For more information about adding a subnet, see Section 3.7, “Adding a Subnet to Satellite Server”.

DHCP Ranges
You can define the same DHCP range in Satellite Server for both discovered and provisioned systems, but use a separate range for each service within the same subnet.

3.2. Satellite and DHCP Options

Satellite manages DHCP reservations through a DHCP Capsule. Satellite also sets the next-server and filename DHCP options.

The next-server option

The next-server option provides the IP address of the TFTP server to boot from. This option is not set by default and must be set for each TFTP Capsule. You can use the satellite-installer command with the --foreman-proxy-tftp-servername option to set the TFTP server in the /etc/foreman-proxy/settings.d/tftp.yml file:

# satellite-installer --foreman-proxy-tftp-servername 1.2.3.4

Each TFTP Capsule then reports this setting through the API and Satellite can retrieve the configuration information when it creates the DHCP record.

When the PXE loader is set to none, Satellite does not populate the next-server option into the DHCP record.

If the next-server option remains undefined, Satellite uses reverse DNS search to find a TFTP server address to assign, but you might encounter the following problems:

  • DNS timeouts during provisioning
  • Querying of incorrect DNS server. For example, authoritative rather than caching
  • Errors about incorrect IP address for the TFTP server. For example, PTR record was invalid

If you encounter these problems, check the DNS setup on both Satellite and Capsule, specifically the PTR record resolution.

The filename option

The filename option contains the full path to the file that downloads and executes during provisioning. The PXE loader that you select for the host or host group defines which filename option to use. When the PXE loader is set to none, Satellite does not populate the filename option into the DHCP record. Depending on the PXE loader option, the filename changes as follows:

PXE loader optionfilename entryNotes

PXELinux BIOS

pxelinux.0

 

PXELinux UEFI

pxelinux.efi

 

iPXE Chain BIOS

undionly.kpxe

 

PXEGrub2 UEFI

grub2/grubx64.efi

x64 can differ depending on architecture

iPXE UEFI HTTP

http://capsule.example.com:8000/httpboot/ipxe-x64.efi

Requires the httpboot feature and renders the filename as a full URL where capsule.example.com is a known host name of Capsule in Satellite.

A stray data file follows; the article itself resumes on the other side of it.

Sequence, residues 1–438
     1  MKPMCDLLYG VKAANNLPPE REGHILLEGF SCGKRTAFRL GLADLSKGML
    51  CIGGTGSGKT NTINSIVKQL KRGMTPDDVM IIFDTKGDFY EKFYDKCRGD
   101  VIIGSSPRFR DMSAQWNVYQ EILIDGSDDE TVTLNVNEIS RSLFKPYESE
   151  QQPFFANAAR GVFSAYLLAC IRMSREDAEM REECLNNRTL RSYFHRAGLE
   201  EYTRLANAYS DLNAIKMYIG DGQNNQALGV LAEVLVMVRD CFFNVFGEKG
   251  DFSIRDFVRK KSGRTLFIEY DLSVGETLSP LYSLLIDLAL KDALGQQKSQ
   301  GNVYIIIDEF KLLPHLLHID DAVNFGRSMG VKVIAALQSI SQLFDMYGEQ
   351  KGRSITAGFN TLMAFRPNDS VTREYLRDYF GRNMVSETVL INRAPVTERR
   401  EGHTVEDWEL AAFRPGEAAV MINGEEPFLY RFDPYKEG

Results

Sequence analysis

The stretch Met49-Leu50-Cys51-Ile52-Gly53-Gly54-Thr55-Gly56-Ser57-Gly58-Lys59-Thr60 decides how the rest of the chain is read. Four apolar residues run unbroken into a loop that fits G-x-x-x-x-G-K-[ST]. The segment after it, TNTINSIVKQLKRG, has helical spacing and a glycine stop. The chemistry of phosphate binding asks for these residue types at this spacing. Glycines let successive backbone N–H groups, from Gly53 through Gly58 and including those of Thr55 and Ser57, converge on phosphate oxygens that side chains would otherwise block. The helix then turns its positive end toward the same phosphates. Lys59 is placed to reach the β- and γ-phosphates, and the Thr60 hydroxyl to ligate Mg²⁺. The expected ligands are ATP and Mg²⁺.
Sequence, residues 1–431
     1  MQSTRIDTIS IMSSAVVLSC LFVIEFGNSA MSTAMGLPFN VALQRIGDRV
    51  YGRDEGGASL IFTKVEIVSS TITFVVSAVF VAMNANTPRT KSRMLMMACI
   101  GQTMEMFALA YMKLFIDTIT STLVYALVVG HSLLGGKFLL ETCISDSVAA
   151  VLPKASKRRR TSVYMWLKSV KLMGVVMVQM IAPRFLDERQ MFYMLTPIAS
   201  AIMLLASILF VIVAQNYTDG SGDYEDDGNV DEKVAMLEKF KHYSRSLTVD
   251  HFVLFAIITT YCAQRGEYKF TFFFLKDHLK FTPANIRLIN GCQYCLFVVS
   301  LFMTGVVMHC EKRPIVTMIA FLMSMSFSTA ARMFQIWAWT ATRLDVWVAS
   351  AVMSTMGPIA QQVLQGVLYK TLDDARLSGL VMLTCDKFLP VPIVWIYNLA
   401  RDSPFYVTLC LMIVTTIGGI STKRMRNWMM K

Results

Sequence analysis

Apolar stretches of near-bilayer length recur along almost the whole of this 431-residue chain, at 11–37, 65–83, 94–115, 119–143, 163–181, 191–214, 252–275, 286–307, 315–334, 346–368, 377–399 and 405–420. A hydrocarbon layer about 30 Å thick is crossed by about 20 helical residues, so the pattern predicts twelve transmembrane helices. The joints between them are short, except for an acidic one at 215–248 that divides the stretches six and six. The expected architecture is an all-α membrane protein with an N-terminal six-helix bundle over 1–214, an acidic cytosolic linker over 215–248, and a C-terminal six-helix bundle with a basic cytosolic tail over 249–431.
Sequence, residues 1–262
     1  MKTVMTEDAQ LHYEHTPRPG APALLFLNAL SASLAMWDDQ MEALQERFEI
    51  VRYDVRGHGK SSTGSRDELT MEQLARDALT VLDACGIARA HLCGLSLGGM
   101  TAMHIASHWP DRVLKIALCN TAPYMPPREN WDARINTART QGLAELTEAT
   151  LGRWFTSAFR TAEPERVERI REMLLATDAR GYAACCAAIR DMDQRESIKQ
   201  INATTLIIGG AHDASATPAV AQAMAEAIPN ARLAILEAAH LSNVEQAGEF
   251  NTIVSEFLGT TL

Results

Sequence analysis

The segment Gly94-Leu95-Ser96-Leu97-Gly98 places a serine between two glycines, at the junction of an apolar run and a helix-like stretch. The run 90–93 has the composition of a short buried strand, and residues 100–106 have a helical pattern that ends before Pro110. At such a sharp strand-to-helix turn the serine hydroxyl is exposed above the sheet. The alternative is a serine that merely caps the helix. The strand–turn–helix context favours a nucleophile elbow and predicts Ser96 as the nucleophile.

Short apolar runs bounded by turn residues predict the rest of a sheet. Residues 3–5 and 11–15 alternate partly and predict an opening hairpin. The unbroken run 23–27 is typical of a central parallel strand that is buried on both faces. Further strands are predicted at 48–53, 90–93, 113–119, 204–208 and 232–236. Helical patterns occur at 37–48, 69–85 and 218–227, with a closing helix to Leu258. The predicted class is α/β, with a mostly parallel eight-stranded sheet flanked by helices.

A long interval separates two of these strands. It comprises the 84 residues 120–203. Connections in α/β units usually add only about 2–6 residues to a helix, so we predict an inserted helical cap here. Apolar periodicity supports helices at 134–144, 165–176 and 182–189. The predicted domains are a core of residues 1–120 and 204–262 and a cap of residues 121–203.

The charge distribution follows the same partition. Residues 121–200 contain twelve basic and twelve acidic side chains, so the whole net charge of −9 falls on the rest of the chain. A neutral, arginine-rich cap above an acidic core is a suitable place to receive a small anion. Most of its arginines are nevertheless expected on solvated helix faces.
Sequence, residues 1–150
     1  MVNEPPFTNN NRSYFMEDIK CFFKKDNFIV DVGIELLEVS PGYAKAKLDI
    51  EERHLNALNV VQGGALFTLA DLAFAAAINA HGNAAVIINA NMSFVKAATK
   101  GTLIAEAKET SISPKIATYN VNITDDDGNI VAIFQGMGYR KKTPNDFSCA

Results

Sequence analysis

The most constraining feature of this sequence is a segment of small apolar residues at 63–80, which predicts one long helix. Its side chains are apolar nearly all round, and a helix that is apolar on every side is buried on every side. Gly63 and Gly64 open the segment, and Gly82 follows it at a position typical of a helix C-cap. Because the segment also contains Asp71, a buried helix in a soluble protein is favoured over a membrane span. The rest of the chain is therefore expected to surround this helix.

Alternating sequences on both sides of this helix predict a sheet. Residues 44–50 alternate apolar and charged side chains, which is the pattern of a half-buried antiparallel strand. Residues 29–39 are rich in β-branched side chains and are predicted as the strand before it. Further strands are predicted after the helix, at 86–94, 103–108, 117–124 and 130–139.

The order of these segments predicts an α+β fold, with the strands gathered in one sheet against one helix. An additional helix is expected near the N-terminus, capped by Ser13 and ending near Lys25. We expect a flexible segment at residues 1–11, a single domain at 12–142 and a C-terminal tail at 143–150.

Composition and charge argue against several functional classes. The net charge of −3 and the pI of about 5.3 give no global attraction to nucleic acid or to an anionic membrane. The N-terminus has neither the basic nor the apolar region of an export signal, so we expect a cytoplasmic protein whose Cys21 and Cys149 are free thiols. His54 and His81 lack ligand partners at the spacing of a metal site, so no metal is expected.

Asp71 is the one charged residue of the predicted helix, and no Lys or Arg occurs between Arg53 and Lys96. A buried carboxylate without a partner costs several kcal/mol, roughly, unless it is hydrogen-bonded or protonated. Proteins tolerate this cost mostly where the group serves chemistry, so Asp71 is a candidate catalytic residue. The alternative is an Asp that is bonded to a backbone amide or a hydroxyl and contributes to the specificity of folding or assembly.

Grub2 UEFI HTTP

http://capsule.example.com:8000/httpboot/grub2/grubx64.efi

Requires the httpboot feature and renders the filename as a full URL where capsule.example.com is a known host name of Capsule in Satellite.

3.3. Troubleshooting DHCP Problems in Satellite

Satellite can manage an ISC DHCP server on internal or external DHCP Capsule. Satellite can list, create, and delete DHCP reservations and leases. However, there are a number of problems that you might encounter on occasions.

PXE loader option change

When the PXE loader option is changed for an existing host, this causes a DHCP conflict. The only workaround is to overwrite the DHCP entry.

Incorrect permissions on DHCP files

An operating system update can update the dhcpd package. This causes the permissions of important directories and files to reset so that the DHCP Capsule cannot read the required information.

For more information, see DHCP error while provisioning host from Satellite server Error ERF12-6899 ProxyAPI::ProxyException: Unable to set DHCP entry RestClient::ResourceNotFound 404 Resource Not Found on Red Hat Knowledgebase.

Changing the DHCP Capsule entry

Satellite manages DHCP records only for hosts that are assigned to subnets with a DHCP Capsule set. If you create a host and then clear or change the DHCP Capsule, when you attempt to delete the host, the action fails.

If you create a host without setting the DHCP Capsule and then try to set the DHCP Capsule, this causes DHCP conflicts.

Deleted hosts entries in the dhcpd.leases file

Any changes to a DHCP lease are appended to the end of the dhcpd.leases file. Because entries are appended to the file, it is possible that two or more entries of the same lease can exist in the dhcpd.leases file at the same time. When there are two or more entries of the same lease, the last entry in the file takes precedence. Group, subgroup and host declarations in the lease file are processed in the same manner. If a lease is deleted, { deleted; } is appended to the declaration.